After OPEC and other major oil-producing countries agreed to curb production in fall 2016, specialist and generalist portfolio managers alike bet heavily on West Texas Intermediate (WTI) rallying to at least $60 per barrel this year.
This shot of confidence prompted investors to move down the quality chain in the search for value and alpha, with marginal equities rallying hard and high-yield energy bonds acting as though the 2014 collapse in oil prices was an aberration, never to be repeated.
However, in 2017, the story has shifted to how the surge in US oil output and stepped-up drilling and completion activity in prolific shale plays—abetted by upstream operators’ aggressive hedging when WTI fetched more than $50 per barrel—have threatened to overwhelm the extended OPEC and non-OPEC supply cuts.
Two weeks of disappointing data on US oil and refined-product inventories have reinforced the market’s negative sentiment toward WTI and energy stocks, while the International Energy Agency’s most recent forecast called for growth in non-OPEC output—led by the US—to offset projected growth in global demand next year.
A string of bullish inventory reports from the Energy Information Administration with larger-than-expected drawdowns in crude and refined-product inventories—a distinct possibility during the summer driving season, a period of strong demand—could catalyze a near-term pop in energy stocks and oil prices.
But ultimately the market will need to come to grips with a US onshore rig count that has increased by 425 drilling units since May 2016 and the Energy Information Administration’s (likely conservative) projections that domestic oil output will increase by an average of 340,000 barrels per day this year and 500,000 barrels per day in 2018.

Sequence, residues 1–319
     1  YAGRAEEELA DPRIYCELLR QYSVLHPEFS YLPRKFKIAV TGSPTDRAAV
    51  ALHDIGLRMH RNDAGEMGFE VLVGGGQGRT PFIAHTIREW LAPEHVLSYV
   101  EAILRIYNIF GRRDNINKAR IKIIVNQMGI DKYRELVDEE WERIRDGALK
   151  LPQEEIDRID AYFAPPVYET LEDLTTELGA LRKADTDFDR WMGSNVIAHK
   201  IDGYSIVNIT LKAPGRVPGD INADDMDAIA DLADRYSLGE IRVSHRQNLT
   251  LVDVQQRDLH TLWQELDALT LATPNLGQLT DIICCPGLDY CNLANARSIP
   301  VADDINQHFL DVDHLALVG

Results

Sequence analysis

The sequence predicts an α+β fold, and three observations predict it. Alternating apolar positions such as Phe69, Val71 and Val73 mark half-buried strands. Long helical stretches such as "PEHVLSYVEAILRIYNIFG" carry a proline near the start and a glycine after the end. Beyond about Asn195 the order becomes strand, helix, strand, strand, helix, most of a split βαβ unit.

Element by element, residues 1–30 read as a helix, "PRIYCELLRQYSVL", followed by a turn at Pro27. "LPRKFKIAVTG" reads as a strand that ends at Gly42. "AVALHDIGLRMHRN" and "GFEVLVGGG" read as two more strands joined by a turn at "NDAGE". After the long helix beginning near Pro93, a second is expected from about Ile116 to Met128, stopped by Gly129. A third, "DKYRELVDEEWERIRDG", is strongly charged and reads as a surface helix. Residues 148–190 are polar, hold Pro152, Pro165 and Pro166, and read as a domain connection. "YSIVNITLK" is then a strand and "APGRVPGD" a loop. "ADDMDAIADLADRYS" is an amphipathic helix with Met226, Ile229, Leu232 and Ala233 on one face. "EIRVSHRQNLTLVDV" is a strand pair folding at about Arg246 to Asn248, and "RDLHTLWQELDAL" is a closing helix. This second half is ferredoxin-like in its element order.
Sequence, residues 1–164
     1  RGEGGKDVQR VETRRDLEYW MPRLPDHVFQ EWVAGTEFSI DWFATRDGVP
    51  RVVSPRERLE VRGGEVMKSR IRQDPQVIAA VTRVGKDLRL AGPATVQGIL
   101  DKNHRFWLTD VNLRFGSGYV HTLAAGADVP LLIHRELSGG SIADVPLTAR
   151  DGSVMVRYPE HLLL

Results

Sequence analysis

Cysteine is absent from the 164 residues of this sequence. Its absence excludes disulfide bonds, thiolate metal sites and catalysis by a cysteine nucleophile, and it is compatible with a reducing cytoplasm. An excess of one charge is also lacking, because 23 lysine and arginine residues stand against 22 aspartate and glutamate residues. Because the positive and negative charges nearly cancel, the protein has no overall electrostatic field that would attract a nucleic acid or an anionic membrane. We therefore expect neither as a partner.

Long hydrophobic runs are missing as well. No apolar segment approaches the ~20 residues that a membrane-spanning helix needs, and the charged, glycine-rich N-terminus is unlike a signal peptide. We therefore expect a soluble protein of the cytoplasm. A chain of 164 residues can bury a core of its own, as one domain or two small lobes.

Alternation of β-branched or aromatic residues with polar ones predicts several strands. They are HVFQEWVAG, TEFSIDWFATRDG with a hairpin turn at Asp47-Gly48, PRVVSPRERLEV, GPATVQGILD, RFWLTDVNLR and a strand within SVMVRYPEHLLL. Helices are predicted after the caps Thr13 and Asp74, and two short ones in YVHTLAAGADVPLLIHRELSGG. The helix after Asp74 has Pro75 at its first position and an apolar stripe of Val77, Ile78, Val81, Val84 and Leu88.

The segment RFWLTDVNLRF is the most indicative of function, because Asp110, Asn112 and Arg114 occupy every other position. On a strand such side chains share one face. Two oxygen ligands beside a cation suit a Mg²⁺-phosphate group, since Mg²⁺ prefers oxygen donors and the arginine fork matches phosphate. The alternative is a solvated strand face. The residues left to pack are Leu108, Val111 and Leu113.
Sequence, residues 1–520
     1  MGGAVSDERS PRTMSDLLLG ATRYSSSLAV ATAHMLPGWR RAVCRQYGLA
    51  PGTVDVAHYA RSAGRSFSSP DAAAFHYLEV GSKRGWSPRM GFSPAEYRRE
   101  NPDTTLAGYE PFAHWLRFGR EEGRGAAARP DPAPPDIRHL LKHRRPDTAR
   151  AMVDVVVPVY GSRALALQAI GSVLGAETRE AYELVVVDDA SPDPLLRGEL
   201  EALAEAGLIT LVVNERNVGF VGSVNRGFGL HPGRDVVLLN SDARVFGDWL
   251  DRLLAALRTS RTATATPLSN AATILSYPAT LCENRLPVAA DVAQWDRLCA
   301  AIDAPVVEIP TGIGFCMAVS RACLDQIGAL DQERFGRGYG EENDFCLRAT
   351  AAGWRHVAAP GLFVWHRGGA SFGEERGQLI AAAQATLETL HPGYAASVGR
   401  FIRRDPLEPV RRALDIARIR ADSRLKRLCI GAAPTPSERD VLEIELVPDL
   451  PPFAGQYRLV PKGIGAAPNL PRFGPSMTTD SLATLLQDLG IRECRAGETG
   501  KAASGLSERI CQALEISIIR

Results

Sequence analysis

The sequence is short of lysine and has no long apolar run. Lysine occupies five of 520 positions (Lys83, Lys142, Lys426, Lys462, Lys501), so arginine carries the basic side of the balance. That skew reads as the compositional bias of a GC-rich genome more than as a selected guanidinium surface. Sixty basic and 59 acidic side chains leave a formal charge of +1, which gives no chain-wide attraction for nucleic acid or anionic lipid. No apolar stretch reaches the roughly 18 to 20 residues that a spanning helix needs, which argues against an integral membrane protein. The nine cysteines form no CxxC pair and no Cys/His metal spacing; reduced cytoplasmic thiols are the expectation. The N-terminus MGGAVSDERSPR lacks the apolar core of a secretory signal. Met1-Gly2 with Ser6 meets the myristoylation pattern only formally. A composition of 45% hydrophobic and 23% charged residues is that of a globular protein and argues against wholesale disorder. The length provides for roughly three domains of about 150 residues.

At this point in the recovery, the US onshore rig count sits at levels (about 900) that Halliburton’s (NYSE: HAL) former CEO, Jeff Miller, last year asserted would have the equivalent productivity of about 2,000 drilling units at the previous cycle’s peak.
Barring further supply cuts from OPEC or security-related disruptions, oil prices could adjust to levels—potentially in the $30s per barrels—that would prompt the US shale complex to rein in drilling and completion activity.
A decline in the US onshore rig count would be the first sign of a US response, while a moderation in the pace at which the industry works off the inventory of drilled wells awaiting completion would also help.
Despite the near-term uncertainty and volatility in the energy sector, we can draw several firm conclusions from developments during the previous down-cycle and the recent up-cycle that will inform our investment strategy in the near term and long term.
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Elliott and Roger on Oct. 29, 2018
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